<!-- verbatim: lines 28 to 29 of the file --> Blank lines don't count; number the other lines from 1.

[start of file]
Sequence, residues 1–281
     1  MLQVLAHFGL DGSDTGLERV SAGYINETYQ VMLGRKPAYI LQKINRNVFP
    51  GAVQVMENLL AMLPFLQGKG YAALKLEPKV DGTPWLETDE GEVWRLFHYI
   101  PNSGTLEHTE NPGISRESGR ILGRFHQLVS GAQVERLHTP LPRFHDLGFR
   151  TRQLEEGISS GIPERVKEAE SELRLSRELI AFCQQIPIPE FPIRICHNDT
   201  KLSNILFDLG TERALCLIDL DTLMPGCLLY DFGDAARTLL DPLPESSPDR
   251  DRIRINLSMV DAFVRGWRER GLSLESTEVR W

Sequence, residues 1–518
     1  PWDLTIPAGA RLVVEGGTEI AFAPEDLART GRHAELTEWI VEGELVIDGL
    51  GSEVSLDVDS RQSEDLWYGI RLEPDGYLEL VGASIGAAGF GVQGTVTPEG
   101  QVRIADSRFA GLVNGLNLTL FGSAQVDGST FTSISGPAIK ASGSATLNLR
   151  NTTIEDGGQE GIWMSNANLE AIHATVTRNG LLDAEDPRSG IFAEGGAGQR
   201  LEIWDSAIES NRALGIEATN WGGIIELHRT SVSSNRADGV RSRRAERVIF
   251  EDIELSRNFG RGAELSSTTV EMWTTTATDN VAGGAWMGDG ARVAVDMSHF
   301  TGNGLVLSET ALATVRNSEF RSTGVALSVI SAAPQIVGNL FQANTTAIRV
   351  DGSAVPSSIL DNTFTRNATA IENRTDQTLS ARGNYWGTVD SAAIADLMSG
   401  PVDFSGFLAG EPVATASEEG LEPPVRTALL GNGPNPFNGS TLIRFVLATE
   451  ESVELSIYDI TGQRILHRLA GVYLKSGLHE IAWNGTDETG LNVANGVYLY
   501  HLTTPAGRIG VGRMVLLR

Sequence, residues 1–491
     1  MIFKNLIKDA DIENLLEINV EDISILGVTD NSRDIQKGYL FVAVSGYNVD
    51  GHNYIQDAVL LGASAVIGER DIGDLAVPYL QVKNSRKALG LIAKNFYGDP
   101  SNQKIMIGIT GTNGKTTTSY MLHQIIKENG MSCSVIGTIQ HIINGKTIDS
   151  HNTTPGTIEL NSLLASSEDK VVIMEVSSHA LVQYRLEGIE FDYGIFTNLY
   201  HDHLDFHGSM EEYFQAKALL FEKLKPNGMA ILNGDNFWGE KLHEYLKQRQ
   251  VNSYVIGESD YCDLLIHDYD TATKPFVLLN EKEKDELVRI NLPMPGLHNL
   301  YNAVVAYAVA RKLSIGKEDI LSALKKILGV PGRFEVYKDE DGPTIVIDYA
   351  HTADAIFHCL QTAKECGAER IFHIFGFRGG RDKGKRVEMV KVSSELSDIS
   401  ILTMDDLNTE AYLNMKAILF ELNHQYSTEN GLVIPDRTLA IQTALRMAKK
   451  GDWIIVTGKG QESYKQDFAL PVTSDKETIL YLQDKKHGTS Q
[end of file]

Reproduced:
   351  HTADAIFHCL QTAKECGAER IFHIFGFRGG RDKGKRVEMV KVSSELSDIS
   401  ILTMDDLNTE AYLNMKAILF ELNHQYSTEN GLVIPDRTLA IQTALRMAKK